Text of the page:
The final metro area on this list is Birmingham-Hoover, Alabama. Residents here tended to donate large chunks of their income, on average. IRS data shows that roughly 3.7% of Birmingham residents’ income went to charitable causes. However not everyone in Birmingham made charitable contributions. This metro ranked 40th in percent of tax returns with charitable contributions.

charitable places

Data and Methodology

In order to find the most charitable metro areas we looked at the largest 200 metro areas measured by number of tax returns. We then ranked them using the following two metrics:

  • Charitable contributions as a percent of income. This is the total amount of charitable contributions divided by the total amount of income reported in that metro area.
  • Percent of tax returns reporting charitable contributions. This is the percent of all tax returns with charitable contributions divided by the percent of all tax returns with income.

All data comes from the Internal Revenue Service and is for 2015.

First, we ranked each metro area in each metric. Then we found each metro area’s average ranking giving equal weight to each metric. Using this average ranking we created our final score. The metro area with the best average ranking received a final score of 100. The city with the worst average ranking received a 0.

Tips for Managing Your Savings

  • Invest your savings – If you have some surplus money at the end of the tax year, it’s a good idea to store it somewhere safe. Savings accounts are a good idea in general but not all savings accounts are the same. If you are looking for the best returns check out saving accounts at online-only institutions like Ally or Synchrony. Alternatively if you struggle with temptation and are not sure you can avoid cashing out your savings accounts, try out certificates of deposit (CDs).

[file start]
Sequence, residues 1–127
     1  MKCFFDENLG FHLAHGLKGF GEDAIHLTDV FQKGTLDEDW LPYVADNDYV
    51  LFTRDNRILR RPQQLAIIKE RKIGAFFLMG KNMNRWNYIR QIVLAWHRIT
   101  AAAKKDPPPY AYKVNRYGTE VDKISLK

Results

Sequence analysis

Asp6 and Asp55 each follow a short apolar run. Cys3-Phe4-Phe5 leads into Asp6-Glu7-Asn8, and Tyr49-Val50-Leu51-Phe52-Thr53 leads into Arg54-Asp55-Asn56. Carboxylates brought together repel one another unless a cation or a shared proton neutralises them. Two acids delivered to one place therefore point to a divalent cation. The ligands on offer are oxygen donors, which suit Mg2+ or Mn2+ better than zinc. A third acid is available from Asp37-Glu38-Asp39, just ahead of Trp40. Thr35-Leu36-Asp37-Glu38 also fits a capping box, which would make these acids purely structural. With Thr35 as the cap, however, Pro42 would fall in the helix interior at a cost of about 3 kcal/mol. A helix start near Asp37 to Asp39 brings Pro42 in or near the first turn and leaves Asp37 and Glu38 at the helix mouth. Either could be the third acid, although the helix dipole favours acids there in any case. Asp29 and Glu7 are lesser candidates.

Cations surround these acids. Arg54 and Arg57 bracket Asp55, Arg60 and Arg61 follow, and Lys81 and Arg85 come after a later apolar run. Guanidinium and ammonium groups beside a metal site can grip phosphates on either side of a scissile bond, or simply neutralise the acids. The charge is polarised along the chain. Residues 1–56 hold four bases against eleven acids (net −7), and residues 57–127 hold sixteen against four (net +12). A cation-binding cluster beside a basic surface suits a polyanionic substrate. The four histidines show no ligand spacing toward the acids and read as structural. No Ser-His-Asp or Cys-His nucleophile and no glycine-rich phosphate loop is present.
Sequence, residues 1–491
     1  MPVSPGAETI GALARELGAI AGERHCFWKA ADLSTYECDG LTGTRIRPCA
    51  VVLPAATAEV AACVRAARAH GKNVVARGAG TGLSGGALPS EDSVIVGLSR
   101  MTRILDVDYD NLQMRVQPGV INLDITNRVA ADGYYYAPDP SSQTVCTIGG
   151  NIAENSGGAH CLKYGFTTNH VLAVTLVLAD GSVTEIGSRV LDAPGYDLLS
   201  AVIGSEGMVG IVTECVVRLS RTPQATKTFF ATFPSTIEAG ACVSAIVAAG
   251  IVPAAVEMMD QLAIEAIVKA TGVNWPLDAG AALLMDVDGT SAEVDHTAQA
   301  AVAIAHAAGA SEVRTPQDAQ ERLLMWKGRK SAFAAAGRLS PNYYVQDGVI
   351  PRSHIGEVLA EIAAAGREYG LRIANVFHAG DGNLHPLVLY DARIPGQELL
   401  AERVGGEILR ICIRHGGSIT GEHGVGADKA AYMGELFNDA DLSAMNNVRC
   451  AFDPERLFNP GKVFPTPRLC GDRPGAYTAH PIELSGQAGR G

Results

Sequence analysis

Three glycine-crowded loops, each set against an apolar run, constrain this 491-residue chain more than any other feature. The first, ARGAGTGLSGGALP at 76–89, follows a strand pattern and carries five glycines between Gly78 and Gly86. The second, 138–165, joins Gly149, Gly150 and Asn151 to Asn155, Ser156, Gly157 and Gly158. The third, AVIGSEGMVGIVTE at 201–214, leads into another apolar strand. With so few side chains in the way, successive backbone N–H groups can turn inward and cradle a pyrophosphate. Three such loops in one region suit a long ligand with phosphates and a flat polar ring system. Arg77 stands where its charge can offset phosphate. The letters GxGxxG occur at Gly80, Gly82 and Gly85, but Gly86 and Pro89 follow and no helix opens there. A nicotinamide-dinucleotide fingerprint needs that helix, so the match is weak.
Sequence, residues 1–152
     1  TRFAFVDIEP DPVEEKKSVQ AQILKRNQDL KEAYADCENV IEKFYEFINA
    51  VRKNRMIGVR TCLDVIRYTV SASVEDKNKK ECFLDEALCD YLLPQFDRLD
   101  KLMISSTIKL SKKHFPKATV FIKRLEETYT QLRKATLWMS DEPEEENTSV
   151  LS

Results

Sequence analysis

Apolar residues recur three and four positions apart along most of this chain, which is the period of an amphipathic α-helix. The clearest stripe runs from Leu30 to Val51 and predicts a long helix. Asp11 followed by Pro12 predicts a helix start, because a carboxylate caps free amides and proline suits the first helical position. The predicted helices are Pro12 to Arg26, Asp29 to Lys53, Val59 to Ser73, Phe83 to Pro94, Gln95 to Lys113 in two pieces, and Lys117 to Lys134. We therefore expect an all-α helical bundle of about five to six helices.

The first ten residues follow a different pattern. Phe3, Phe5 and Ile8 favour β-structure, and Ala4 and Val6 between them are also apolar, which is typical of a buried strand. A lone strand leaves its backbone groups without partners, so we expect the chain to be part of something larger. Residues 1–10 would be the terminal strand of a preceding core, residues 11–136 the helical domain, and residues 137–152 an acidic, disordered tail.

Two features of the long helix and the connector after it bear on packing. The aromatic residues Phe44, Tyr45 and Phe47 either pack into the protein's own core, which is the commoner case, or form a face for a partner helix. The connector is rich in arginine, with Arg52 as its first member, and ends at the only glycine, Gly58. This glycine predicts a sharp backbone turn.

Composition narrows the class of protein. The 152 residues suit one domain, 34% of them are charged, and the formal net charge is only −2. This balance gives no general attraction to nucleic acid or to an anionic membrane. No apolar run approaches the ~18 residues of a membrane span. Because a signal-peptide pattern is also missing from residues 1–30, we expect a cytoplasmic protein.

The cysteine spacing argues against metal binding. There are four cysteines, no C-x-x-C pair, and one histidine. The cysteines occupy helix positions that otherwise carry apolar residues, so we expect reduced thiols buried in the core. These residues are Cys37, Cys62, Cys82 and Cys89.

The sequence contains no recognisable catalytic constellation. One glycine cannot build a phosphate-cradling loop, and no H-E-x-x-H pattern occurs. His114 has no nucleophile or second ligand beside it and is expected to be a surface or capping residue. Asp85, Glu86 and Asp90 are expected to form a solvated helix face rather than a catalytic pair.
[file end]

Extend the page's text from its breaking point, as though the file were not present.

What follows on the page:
• Talk to an expert – No matter your financial situation, whether you have plenty of money to donate to charitable causes or are just getting by trying to build up a down payment for a home, receiving expert advice from financial advisor is an intelligent move. If you are not sure where to find a financial advisor check out SmartAsset’s financial advisor matching tool. It will match you with up to three local financial advisors who fit your investing needs.

Questions about our study? Contact press@smartasset.com. 

Photo credit: ©iStock.com/Steve Debenport

 

Derek Miller, CEPF® Derek Miller is a graduate of the University of Edinburgh where he studied economics. He is passionate about using data to help people make better financial decisions. Derek is a Certified Educator in Personal Finance® (CEPF®) and a member of the Society for Advancing Business Editing and Writing. He is a data journalist whose expertise is in finding the stories within the numbers. Derek's writing has been featured on Yahoo, AOL, and Huffington Post. He believes the biggest financial mistake people make is waiting too late to save for retirement and missing out on the wonders of compounding interest. Derek lives in Brooklyn.